Tuesday, July 22, 2008

Salmonella Saintpaul: 50-Million Dollar Microbe

As of 9pm (EDT) July 20th, CDC has recognized 1,251 lab-confirmed cases of Salmonella Saintpaul across 43 states, the District of Columbia and Canada. At least 228 people have been hospitalized during this marathon, and two deaths may be at least partly attributable to the outbreak strain. Four of the infected Canadians traveled in the United States prior to becoming ill; the fifth case is still under investigation.

Based on the onset date profile graph posted by CDC, this outbreak shows every sign of winding down. And late yesterday afternoon, FDA announced the first isolation of the outbreak strain of Salmonella Saintpaul from a sample of produce – a jalapeño pepper imported from Mexico by Agricola Zaragoza, an importer/distributor based in McAllen, Texas. Zaragoza has recalled all of the jalapeño peppers shipped to its customers since June 30th.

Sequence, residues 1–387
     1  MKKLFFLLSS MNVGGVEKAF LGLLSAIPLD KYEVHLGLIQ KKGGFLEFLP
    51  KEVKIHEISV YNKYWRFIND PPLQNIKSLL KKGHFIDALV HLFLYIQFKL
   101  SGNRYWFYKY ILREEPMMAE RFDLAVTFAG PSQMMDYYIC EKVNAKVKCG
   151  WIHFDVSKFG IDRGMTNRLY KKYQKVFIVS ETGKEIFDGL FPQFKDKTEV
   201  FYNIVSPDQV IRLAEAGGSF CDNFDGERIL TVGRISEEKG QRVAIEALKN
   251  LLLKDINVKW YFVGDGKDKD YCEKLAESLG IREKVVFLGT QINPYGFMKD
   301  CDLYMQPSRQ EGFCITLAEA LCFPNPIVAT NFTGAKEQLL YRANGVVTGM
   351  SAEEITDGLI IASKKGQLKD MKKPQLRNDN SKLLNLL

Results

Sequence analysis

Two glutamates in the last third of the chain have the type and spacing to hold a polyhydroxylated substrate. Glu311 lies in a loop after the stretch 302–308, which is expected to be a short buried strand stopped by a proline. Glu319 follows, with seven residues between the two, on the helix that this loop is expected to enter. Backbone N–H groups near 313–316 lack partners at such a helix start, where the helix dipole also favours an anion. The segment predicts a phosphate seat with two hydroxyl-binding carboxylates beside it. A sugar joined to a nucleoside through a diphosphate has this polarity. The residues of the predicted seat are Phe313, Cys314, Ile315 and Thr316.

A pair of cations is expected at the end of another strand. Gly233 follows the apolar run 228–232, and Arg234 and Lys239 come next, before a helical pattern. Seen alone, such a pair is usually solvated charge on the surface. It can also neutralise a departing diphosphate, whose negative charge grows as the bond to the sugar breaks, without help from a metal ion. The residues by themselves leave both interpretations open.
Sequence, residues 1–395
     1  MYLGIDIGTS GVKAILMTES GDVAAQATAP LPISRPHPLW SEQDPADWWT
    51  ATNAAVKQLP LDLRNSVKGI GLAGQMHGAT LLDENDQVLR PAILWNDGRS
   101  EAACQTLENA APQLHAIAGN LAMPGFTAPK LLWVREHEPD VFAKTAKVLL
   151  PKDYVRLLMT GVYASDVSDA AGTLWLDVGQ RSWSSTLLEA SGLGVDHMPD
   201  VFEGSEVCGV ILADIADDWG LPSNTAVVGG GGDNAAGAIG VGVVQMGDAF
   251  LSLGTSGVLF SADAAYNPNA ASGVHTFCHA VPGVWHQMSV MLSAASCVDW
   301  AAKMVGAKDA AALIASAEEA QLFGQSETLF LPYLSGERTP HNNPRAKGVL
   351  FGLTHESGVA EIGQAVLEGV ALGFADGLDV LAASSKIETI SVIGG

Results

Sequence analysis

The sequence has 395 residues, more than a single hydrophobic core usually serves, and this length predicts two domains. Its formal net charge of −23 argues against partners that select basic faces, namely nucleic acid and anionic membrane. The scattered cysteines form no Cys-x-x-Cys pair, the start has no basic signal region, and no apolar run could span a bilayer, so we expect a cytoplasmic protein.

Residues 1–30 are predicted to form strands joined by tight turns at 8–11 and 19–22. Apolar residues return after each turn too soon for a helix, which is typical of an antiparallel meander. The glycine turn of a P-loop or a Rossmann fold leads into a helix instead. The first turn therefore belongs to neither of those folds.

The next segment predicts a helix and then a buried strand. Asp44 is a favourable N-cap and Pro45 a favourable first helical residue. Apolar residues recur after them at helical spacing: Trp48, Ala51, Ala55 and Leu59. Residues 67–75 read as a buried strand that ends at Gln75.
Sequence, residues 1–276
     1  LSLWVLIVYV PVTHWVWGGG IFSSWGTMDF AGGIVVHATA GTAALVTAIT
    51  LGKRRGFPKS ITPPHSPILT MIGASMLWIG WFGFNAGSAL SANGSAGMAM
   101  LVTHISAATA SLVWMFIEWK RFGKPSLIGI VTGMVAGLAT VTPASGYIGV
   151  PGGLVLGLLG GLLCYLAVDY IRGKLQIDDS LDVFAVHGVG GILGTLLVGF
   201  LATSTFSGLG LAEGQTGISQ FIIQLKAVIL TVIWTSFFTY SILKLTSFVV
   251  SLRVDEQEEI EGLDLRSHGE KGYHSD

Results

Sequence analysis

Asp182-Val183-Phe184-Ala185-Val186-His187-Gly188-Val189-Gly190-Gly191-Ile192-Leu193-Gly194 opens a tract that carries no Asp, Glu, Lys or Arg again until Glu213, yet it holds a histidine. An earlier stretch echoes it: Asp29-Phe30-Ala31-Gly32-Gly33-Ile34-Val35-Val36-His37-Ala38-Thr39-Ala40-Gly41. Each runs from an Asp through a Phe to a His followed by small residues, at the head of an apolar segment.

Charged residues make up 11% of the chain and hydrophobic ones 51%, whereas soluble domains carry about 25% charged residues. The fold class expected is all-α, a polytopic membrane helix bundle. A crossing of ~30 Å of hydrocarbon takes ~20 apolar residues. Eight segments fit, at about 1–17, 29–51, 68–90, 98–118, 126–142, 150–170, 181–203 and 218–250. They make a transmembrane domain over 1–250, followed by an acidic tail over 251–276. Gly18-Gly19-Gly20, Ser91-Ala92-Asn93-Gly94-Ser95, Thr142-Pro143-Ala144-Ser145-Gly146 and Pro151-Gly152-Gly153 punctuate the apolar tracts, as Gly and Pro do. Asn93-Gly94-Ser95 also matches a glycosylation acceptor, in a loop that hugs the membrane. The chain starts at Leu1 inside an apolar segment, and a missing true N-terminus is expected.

Now that CDC and FDA are moving into the "mopping up" phase of this outbreak, we can start to tally what Salmonella Saintpaul has cost the US economy. We can – very conservatively – calculate the cost based on the actual number of lab-confirmed cases. We can also determine an estimated cost by extrapolating the lab-confirmed cases to include cases that were never reported to CDC. First, though, we need to determine a cost per case.

Cost Per Case
Fortunately, a group of Canadian researchers studied the cost of gastroenteritis in Hamilton, Ontario (a mid-sized Canadian city with a well-respected teaching hospital). The study, which appeared in Journal of Food Protection in 2006, produced an estimated cost of CDN$1,089 per case. That figure included treatment costs, lost wages, and other concrete costs; it did not take into account "intangible" costs.

The Canadian estimate is more than two years old, but it is the best available. Medical costs, transportation costs and wages all have risen since then; however, we'll be conservative and use the Canadian data without adjusting for inflation. As the Canadian and US currencies are – essentially – at par, we can ignore any minor currency differences.

Cost of Lab-Confirmed Cases